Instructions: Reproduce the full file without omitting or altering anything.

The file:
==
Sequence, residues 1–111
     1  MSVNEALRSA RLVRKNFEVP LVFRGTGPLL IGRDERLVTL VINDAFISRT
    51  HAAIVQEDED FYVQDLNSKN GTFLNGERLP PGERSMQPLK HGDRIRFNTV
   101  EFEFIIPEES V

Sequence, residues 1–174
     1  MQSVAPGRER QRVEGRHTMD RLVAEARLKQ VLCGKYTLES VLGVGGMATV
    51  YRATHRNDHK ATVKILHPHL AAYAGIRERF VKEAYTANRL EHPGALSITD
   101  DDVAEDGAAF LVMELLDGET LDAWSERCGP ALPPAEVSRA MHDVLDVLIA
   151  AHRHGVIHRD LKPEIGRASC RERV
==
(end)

Sequence, residues 1–111
     1  MSVNEALRSA RLVRKNFEVP LVFRGTGPLL IGRDERLVTL VINDAFISRT
    51  HAAIVQEDED FYVQDLNSKN GTFLNGERLP PGERSMQPLK HGDRIRFNTV
   101  EFEFIIPEES V

Sequence, residues 1–174
     1  MQSVAPGRER QRVEGRHTMD RLVAEARLKQ VLCGKYTLES VLGVGGMATV
    51  YRATHRNDHK ATVKILHPHL AAYAGIRERF VKEAYTANRL EHPGALSITD
   101  DDVAEDGAAF LVMELLDGET LDAWSERCGP ALPPAEVSRA MHDVLDVLIA
   151  AHRHGVIHRD LKPEIGRASC RERV